What is the guidance for individuals with intellectual and developmental disabilities? State Operated Developmental Centers, Intermediate Care Facilities for Individuals with Developmental Disabilities and Community Integrated Living Arrangements will continue to provide care. All in-home direct care staff are considered essential staff and should continue to support individuals in the home setting.
If you have any specific questions about your support and services, please reach out to your provider or Individual Service Coordination (ISC) Agency. To receive updated information on DDD services, please sign up for our email database, or to update your contact and service information, please visit www.DDD.Illinois.gov .
Will public transportation and ridesharing be available? Public transportation and ridesharing should be used for essential travel only. When possible, walk or drive yourself.
Will roads in Illinois be closed? No, the roads will not be closed in Illinois. You should only travel if it is essential to your work or health.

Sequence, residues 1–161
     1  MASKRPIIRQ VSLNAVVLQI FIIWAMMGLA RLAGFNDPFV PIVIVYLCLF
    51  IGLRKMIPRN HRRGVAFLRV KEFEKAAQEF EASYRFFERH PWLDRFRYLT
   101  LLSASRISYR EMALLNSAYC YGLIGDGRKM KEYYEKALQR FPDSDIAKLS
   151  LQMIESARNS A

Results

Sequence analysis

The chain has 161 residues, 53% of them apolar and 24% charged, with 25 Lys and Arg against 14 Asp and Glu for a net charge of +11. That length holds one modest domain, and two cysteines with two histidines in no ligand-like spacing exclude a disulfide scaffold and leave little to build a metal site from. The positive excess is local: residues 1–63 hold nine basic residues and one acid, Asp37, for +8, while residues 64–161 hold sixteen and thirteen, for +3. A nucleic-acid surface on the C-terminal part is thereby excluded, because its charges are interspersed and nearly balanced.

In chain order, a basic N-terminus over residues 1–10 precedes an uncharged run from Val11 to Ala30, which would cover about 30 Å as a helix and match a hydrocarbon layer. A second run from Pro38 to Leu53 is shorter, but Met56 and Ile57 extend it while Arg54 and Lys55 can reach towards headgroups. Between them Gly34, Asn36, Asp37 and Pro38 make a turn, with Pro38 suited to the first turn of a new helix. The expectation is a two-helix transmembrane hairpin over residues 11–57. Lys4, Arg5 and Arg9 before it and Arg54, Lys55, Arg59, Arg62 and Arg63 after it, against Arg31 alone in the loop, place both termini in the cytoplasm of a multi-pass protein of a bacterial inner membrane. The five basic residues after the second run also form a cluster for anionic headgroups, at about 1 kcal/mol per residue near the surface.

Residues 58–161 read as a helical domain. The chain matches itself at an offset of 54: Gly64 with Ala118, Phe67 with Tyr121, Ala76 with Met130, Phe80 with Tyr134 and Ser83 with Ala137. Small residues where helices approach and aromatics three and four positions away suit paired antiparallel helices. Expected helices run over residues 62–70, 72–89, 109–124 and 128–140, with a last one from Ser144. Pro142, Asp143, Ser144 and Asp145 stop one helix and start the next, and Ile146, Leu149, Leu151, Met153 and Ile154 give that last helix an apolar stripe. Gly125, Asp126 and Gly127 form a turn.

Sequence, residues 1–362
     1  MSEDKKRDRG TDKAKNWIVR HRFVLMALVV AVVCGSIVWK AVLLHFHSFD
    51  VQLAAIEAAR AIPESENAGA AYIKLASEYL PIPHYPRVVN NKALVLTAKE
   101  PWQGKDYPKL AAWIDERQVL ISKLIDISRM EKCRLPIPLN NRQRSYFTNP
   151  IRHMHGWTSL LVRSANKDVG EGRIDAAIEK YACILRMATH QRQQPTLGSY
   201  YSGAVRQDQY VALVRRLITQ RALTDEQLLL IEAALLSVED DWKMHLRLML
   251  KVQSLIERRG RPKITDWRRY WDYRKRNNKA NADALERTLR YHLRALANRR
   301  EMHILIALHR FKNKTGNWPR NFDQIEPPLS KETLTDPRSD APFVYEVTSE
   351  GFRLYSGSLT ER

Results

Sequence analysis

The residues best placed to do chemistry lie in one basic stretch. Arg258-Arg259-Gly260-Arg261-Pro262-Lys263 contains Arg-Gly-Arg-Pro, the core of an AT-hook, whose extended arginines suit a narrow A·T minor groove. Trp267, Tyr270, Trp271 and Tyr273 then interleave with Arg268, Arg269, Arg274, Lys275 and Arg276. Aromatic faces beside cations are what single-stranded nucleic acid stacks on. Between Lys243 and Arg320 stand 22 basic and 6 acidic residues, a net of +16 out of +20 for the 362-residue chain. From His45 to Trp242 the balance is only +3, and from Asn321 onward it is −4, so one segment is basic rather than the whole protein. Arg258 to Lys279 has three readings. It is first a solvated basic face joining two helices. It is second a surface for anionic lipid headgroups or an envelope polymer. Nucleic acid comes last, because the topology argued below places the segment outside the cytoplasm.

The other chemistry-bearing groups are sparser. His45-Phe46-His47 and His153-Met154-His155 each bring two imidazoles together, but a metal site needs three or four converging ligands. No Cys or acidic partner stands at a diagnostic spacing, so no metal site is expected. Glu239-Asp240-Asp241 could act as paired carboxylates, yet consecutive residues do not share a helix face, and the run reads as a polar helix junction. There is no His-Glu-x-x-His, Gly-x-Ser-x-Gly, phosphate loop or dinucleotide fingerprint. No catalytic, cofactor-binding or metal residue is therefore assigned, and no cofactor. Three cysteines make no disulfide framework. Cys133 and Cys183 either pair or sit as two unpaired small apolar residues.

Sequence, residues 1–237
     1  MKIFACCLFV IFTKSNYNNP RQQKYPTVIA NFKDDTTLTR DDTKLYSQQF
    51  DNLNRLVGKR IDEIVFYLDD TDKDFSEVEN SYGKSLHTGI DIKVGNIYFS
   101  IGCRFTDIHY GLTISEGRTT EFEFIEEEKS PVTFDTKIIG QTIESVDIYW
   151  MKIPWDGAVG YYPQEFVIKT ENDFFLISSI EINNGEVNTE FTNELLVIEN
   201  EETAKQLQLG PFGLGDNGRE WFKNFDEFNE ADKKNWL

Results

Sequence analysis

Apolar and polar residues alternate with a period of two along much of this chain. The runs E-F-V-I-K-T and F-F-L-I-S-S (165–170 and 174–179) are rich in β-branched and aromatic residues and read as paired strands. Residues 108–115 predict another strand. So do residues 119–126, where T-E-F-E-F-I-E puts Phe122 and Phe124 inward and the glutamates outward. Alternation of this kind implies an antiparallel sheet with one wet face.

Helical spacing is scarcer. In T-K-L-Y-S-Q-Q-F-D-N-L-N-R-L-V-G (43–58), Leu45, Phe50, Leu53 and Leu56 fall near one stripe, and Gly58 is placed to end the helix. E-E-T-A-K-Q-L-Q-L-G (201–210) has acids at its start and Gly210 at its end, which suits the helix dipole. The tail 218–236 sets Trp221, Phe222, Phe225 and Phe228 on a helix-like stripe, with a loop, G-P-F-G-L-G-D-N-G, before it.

Can I take a flight out of state? Yes, but planes and any other form of travel should only be used for essential purposes.
What if my home is not a safe environment? If it is not safe for you to remain home, you are able and urged to find another safe place to stay during this order. Please reach out so we can help. You may call the domestic violence hotline at 1-877-8636338 or contact your local law enforcement.
Vulnerable and Children Populations
What about homeless people who can’t stay at home? The order does not apply to people experiencing homelessness. State agencies are partnering with community organizations to provide funding and resources to ensure our homeless population has safe shelter.
Can I leave home to take care of an elderly or sick family member or friend? Yes. Please be sure to practice social distancing and wash your hands frequently. Elderly people and people with suppressed immune systems are at heightened risk for contracting COVID-19.
Does the Stay at Home order mean I can’t take my kids to the park? State parks will be closed during the Stay at Home order. Families will still be able to go outside, including to local parks and outdoor spaces that remain open, and take a walk, run, or bike ride but should continue to practice social distancing by remaining 6 feet away from other people. Playgrounds are closed because they pose a high risk of increasing transmission.